DIXON – The city will likely hold off on deciding a path for a big-picture solution to growing pension obligations to see what changes might take place on the state level in the next year or so.
The City Council recently discussed how to address increasing pension costs, but the majority are leaning toward keeping the status quo for fiscal year 2020, which begins May 1.
Councilman Dennis Considine said staff spent a lot of time creating a balanced budget and they shouldn’t rock the boat at the “11th hour.”
The council has had a handful of budget work sessions the last few weeks, and a draft budget will be put on file Monday, with the council scheduled to vote on it next month.
Mayor Li Arellano Jr. said they’re not doing enough and they need to pay more than just the required annual contribution, which totals about $1.9 million for police and fire pensions.
Arellano said he isn’t comfortable moving forward without a longterm plan, and it’s better to pay more into the pensions in a good economy rather than waiting for a downturn.
“If we let our funds tread water in a good economy, we’re not doing enough,” he said. “The time to invest is when we’re doing well, and pensions are the ultimate long game.”
The city should be looking at cuts, a hiring freeze, and a variety of other ways to put more money toward pensions, Arellano said.
Councilman Ryan Marshall said they’ve had months to discuss pursuing a big solution but didn’t, and small amounts aren’t going to do much.
The city’s fire and pension systems are about 51 percent funded, and throwing an extra $500,000 into them would move the needle up 1 percent, City Manager Danny Langloss said. Putting $3 million into them would increase the funding level about 6.5 percent and lower the annual payment by more than $300,000.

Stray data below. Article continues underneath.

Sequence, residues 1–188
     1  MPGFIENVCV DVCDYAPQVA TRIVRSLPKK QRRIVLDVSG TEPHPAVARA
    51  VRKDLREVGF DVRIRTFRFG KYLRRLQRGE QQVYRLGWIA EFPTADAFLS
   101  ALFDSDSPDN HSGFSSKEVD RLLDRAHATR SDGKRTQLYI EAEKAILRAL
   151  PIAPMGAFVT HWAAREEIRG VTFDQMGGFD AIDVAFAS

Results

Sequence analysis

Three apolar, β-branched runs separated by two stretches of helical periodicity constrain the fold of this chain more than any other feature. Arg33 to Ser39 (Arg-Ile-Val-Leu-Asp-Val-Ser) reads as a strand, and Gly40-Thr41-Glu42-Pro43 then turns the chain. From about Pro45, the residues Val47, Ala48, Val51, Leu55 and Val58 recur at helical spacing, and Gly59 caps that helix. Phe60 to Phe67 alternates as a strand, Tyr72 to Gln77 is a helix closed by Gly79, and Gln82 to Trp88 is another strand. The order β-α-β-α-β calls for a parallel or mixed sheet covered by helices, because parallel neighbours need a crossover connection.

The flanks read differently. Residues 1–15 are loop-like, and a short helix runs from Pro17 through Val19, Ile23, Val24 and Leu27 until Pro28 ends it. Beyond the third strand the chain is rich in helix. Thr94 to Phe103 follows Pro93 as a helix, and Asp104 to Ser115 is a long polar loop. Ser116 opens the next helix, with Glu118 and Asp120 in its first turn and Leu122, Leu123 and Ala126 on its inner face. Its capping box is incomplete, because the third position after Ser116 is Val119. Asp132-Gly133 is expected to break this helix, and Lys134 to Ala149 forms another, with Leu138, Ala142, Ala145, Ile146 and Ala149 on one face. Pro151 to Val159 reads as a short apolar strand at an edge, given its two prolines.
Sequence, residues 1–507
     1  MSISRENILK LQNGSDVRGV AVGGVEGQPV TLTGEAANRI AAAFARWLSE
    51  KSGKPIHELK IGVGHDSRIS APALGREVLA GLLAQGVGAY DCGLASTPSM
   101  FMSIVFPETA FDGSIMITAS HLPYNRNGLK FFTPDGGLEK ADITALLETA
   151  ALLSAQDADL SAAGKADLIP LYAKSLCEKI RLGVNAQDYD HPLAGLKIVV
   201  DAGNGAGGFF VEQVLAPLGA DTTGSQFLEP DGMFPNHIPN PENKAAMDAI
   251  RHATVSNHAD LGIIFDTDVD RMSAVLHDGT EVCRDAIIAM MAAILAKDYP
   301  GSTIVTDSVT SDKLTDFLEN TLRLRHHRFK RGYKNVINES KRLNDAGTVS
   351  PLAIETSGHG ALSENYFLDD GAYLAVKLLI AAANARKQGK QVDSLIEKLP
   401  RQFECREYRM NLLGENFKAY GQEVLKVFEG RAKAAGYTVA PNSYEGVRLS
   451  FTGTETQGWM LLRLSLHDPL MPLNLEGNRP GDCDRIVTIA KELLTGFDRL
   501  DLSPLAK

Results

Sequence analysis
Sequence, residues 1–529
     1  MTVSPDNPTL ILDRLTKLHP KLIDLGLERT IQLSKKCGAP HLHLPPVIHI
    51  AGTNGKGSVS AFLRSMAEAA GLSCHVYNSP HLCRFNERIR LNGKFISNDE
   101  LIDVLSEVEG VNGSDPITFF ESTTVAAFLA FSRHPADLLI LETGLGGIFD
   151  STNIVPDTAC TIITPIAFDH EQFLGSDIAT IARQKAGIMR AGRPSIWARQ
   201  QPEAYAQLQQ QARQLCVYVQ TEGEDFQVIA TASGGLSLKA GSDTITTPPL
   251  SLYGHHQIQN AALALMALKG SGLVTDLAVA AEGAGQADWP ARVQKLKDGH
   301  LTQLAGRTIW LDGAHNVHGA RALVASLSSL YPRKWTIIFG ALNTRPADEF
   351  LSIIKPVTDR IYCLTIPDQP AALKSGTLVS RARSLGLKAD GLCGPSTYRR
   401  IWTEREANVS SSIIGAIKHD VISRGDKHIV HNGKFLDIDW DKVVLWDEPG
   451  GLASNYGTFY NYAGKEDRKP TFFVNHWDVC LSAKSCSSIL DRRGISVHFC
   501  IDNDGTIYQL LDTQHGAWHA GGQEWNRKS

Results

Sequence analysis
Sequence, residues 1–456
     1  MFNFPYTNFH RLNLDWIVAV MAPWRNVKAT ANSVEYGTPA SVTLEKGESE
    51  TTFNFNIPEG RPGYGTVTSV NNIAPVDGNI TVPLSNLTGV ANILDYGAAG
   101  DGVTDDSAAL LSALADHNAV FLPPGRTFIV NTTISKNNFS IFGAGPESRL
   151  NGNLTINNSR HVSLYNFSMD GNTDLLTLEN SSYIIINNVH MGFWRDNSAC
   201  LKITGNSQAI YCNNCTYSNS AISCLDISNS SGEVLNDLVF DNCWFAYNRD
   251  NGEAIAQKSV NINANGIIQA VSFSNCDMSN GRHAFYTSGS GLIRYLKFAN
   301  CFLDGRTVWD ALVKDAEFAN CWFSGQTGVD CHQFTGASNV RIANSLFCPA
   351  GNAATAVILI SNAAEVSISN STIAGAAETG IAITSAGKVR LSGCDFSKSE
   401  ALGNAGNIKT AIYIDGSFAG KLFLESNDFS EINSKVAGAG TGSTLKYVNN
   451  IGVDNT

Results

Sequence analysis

Possible state legislation includes changing the city pension systems mandate to be funded 80 percent by 2050 rather than 90 percent by 2040, which would ease the annual pension costs for municipalities.
The city’s pension contributions are based on being 100 percent funded by 2040, but another option being discussed is to fall back to the 90 percent model. Arellano said the savings from going that route should be injected into the fire pension system to try to get closer to the $10 million fund mark that would allow for more flexible investing opportunities and possible higher returns.
The council is also discussing changes for FY20, which include hiring an extra employee and putting more money toward grant writing.
The new street department position, which would cost about $70,000, would split the employee’s time between doing public works projects and maintaining the riverfront with the goal of shadowing John Groshans, who the city contracts with to maintain the riverfront.
Groshans, who was named Dixon’s Citizen of the Year in 2016 for his passion and hard work on the riverfront, had a heart attack last year but returned to work shortly after.
The city is hoping to have a plan in place before he eventually retires.
The proposed budget also earmarks $30,000 for grant writing, and $20,000 of that would go toward a grant writer. The other $10,000 would be for a benefit cost analysis that would be needed if the city chose to apply again for the U.S. Department of Transportation BUILD (Better Utilizing Investments to Leverage Development) grant to build a pedestrian bridge across the river and extend the bike path.
The City Council next meets at 5:30 p.m. Monday at City Hall, 121 W. Second St.
Go to discoverdixon.org or call City Hall at 815-288-1485 for an agenda or more information.